Add these classic white cake recipes to your collection. White cakes are delicious yet simple to bake, and almost any flavor of icing or filling can be used, making them versatile, and extra special. The perfect cakes for any occasion as people always love them.
Mom's Recipe Scrapbooks (c. 1920s)
2 cups sifted cake flour
2 teaspoons baking powder
1/2 cup butter, or shortening
1 cup sifted sugar
2/3 cup milk
1 teaspoon vanilla
3 egg whites, stiffly beaten
Prepare pan. Sift flour once, measure, add baking powder, and sift together three times. Cream shortening thoroughly, add sugar gradually, and cream together until light and fluffy. Add flour, alternately, with milk, a small amount at a time.
Beat after each addition until smooth. Add vanilla; fold in egg whites.
Bake in two greased 9-inch layer pans in a moderate oven (375°F) for 25 to 30 minutes; or in single greased 8x8x2-inch pan, in moderate oven (350°F) for 1 hour.
Double recipe to make three 10-inch layers for a triple layer cake. Frost with your favorite frosting.
1 scant cup sugar, 1/4 cup butter, 1/2 cup milk, 1-1/2 cups flour, whites of 2 eggs, 2 teaspoons baking powder, a little vanilla; cream butter and add gradually the sugar, then milk, flour, and baking powder; last the beaten whites of the eggs and vanilla. Bake in moderate oven (350°F) until done.
Mary at the Farm and Book of Recipes (1915)
2 cups granulated sugar
1/2 cup butter and lard, mixed
1 cup milk
Add a few drops of almond flavoring
3 cups flour
2 teaspoonfuls baking powder
Whites of five eggs
Cream together the butter and sugar, add flour sifted with baking powder alternately with the stiffly beaten whites of eggs. The five yolks of eggs left from baking white cake may be used when making other recipes. (Bake in a moderate oven (350°F) until done).
Sift together, three times, the following:
1 cup of flour
1 cup of sugar (granulated)
3 even teaspoonfuls of baking powder
Scald one cup of milk and pour hot over the above mixture. Beat well. Fold into the mixture, carefully, the stiffly beaten whites of 2 eggs. Flavor with a few drops of almond extract. Bake in a moderate oven (350°F), exactly as you would bake an angel cake.
This is a delicious, light, flaky cake, if directions are closely followed, but sometimes a little difficult to get just right. Double ingredients for layer cake.
Dr. Chase's Receipt Book (1891)
How to make a white cake: Two cups of sugar, 1/2 cup of butter; beat the butter and sugar till like cream; stir in 1 cup of sweet milk; add 3 cups of flour and 2 teaspoonfuls of baking powder; beat the whites of 5 eggs and stir in with the flour. (Bake at 350°F until done.) Do NOT bake too fast. —Laughing Ora, Morris, Ill.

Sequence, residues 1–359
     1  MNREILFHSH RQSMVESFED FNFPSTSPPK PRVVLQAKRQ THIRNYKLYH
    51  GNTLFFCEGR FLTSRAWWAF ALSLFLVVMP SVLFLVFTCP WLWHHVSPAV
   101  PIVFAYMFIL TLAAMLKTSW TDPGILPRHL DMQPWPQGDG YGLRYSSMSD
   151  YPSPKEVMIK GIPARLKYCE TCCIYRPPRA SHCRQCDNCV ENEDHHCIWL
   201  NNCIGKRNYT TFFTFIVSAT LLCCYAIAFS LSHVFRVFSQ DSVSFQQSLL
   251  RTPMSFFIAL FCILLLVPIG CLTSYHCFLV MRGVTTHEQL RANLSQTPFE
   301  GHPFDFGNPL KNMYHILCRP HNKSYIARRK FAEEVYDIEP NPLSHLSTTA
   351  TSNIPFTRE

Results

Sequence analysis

The Settlement Cook Book (1903)
1/2 cup butter
1 cup sugar
2 cups flour
4 teaspoons baking powder
1/2 cup milk
1/2 teaspoon almond flavoring
Whites of 4 eggs
Mix and sift baking powder and flour. Cream the butter, add the sugar gradually. Add the flour and milk alternately, then the flavoring, and lastly cut in the whites of the eggs, beaten until stiff. Bake in a moderate oven (350°F).
The Eta Cook Book (1914)
Two cups sugar, one cup butter, whites six eggs, one cup milk, three cups flour, one teaspoon Royal baking powder. Flavor with almond. Bake in a moderate oven (350°F).—Eloise H. Crocker
Cream one and one-half cups sugar and one-half cup butter, one-half cup milk, two cups flour, one heaping teaspoon Royal baking powder, whites of six eggs beaten dry. Flavor with lemon. Bake in a moderate oven (350°F). —Grace D. Runyon
Compared to other dessert cakes that enjoy a long history, white cakes only came into being during Queen Victoria's reign.
The secret to achieving the best results from a classic white cake recipe has always been to use the finest white flour and other ingredients.
Improvements in refining methods meant that white flour and white sugar had become commonly available by the 1850s, making it possible to have cakes with the lightest color and texture.
However, the extra cost of the refined ingredients meant that white cakes were mostly made for special occasions by those who could afford them.
The whiteness of these dessert cakes came to symbolize purity, which accounted for their popularity at weddings, and their costlier ingredients reflected the prosperity of those serving them.
These fine cakes were considered truly special and were even immortalized in the children's nursery rhyme Over the Water.
Over the water, and over the sea,
And over the water to Charley,
I'll have none of your nasty beef,
Nor I'll have none of your barley;
But I'll have some of your very best flour
To make a white cake for my Charley.